A post-translational modification of human Norovirus capsid protein attenuates glycan binding
Research output: Contribution to journal › Journal article › Research › peer-review
Final published version, 3.26 MB, PDF document
Attachment of human noroviruses to histo blood group antigens (HBGAs) is essential for infection, but how this binding event promotes the infection of host cells is unknown. Here, we employ protein NMR experiments supported by mass spectrometry and crystallography to study HBGA binding to the P-domain of a prevalent virus strain (GII.4). We report a highly selective transformation of asparagine 373, located in an antigenic loop adjoining the HBGA binding site, into an iso-aspartate residue. This spontaneous post-translational modification (PTM) proceeds with an estimated half-life of a few days at physiological temperatures, independent of the presence of HBGAs but dramatically affecting HBGA recognition. Sequence conservation and the surface-exposed position of this PTM suggest an important role in infection and immune recognition for many norovirus strains.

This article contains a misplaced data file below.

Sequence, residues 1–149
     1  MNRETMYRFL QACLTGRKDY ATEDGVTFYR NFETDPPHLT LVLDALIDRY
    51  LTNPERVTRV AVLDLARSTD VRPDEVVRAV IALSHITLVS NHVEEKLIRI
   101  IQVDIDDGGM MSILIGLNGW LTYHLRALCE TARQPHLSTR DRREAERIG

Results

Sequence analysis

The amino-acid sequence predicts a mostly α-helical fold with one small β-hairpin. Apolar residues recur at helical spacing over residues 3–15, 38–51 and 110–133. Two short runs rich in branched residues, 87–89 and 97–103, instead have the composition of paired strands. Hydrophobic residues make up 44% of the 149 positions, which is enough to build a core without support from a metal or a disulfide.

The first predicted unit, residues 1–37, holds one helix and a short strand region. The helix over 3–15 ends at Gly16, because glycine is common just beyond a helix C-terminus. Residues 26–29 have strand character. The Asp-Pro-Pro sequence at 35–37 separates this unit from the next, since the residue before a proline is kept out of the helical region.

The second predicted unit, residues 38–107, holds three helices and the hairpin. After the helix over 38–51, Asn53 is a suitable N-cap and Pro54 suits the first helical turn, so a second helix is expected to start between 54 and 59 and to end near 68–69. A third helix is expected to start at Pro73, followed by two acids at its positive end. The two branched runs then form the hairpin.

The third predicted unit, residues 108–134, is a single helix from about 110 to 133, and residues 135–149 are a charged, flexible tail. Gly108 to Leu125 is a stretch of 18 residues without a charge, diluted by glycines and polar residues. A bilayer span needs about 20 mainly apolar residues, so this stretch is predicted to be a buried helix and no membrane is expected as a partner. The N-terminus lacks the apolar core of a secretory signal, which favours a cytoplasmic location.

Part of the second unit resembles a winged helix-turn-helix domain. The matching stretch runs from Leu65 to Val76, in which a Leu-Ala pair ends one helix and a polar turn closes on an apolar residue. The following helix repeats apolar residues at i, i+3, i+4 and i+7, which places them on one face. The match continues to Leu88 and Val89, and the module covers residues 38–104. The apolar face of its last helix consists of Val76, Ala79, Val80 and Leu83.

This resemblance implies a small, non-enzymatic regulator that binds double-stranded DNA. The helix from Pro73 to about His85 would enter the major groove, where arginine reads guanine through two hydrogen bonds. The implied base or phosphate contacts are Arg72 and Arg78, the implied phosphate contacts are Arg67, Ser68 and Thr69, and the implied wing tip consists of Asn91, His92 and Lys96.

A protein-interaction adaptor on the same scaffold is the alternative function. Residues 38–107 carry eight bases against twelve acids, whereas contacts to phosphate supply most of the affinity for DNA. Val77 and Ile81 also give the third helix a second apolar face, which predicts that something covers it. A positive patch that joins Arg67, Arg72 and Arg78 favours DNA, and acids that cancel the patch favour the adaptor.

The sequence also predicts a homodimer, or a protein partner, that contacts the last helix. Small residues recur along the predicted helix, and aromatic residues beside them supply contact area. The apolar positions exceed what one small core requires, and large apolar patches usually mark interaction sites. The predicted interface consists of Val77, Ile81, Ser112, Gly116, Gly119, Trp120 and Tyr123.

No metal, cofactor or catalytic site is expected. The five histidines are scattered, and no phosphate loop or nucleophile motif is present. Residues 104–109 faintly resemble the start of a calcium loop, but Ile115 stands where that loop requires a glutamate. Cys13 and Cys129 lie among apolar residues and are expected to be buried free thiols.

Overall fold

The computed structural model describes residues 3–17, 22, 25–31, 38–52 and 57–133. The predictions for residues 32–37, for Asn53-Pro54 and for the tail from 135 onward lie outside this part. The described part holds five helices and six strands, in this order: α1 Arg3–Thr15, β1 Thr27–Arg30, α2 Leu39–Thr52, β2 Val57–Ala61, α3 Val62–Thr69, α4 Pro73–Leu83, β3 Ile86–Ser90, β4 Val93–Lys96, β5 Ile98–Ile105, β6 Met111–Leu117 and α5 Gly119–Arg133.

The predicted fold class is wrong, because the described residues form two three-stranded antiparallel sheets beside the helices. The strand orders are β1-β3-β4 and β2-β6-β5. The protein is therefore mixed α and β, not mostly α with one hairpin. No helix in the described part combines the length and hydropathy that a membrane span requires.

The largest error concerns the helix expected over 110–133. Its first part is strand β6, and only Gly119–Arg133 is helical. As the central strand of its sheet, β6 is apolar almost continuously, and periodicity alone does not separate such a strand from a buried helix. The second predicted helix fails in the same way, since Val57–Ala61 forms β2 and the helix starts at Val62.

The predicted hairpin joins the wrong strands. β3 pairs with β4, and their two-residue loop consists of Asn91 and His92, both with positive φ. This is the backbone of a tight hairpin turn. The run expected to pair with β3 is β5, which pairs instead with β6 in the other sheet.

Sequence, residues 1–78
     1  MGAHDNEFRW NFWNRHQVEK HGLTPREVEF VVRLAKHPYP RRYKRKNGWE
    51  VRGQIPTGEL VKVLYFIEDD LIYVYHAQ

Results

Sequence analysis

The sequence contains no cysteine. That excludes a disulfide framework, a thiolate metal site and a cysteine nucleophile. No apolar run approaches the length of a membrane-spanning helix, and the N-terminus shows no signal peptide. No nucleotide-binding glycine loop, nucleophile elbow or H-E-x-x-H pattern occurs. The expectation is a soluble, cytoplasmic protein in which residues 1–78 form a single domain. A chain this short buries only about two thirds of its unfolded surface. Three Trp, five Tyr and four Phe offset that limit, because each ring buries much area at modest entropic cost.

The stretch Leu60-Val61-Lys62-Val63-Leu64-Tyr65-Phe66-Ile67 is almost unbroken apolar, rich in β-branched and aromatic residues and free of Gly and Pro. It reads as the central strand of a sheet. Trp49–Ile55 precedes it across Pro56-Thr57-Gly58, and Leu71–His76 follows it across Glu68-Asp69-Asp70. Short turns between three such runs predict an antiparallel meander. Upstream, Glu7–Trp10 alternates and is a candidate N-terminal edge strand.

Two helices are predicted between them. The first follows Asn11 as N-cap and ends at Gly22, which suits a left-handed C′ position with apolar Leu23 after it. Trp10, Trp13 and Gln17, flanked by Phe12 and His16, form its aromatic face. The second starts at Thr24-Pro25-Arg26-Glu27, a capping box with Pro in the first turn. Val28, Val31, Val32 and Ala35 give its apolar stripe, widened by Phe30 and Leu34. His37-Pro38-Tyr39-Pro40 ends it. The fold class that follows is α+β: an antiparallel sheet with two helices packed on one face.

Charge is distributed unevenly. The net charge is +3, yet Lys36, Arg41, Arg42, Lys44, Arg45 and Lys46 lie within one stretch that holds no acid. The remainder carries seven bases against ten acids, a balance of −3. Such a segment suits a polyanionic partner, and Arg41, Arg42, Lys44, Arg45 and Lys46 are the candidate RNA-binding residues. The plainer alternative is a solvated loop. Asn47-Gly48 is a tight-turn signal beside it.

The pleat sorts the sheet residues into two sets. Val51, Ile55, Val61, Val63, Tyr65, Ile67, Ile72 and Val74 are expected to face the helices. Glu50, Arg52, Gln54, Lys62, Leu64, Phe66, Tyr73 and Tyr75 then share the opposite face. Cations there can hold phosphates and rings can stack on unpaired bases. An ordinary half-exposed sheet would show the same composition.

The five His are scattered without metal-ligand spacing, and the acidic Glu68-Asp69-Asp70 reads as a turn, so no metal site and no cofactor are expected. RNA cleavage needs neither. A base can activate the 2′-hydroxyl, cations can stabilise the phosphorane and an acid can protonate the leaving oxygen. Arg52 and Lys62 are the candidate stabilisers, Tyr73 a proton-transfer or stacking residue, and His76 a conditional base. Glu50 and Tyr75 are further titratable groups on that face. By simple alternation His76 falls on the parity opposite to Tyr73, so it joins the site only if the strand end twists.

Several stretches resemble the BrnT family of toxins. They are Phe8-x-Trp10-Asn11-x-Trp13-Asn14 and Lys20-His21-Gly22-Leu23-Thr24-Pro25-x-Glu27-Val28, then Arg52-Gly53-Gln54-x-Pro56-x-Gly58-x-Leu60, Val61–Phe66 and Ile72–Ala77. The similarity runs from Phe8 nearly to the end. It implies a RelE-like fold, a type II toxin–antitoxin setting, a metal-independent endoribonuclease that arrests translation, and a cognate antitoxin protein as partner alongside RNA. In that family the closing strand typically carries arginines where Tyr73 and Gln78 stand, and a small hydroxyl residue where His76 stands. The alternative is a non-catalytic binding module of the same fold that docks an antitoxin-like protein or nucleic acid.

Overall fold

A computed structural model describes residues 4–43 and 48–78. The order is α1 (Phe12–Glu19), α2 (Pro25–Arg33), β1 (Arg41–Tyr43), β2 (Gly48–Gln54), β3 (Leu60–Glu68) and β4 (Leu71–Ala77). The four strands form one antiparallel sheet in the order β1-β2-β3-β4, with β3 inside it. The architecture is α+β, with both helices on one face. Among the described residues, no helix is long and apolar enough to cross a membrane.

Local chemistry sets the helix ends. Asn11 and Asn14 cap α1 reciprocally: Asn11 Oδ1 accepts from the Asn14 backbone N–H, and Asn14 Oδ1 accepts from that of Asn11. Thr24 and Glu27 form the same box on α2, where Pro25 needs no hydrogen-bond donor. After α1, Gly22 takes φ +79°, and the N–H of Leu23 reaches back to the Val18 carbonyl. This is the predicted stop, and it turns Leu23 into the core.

|Number of pages||14|
|Publication status||Published - 21 Mar 2019|
- Asparagine/chemistry, Binding Sites, Blood Group Antigens/chemistry, Capsid Proteins/chemistry, Cloning, Molecular, Crystallography, X-Ray, Escherichia coli/genetics, Gene Expression, Genetic Vectors/chemistry, Host-Pathogen Interactions, Humans, Isoaspartic Acid/chemistry, Kinetics, Models, Molecular, Norovirus/genetics, Polysaccharides/chemistry, Protein Binding, Protein Conformation, alpha-Helical, Protein Conformation, beta-Strand, Protein Interaction Domains and Motifs, Protein Multimerization, Protein Processing, Post-Translational, Recombinant Proteins/chemistry
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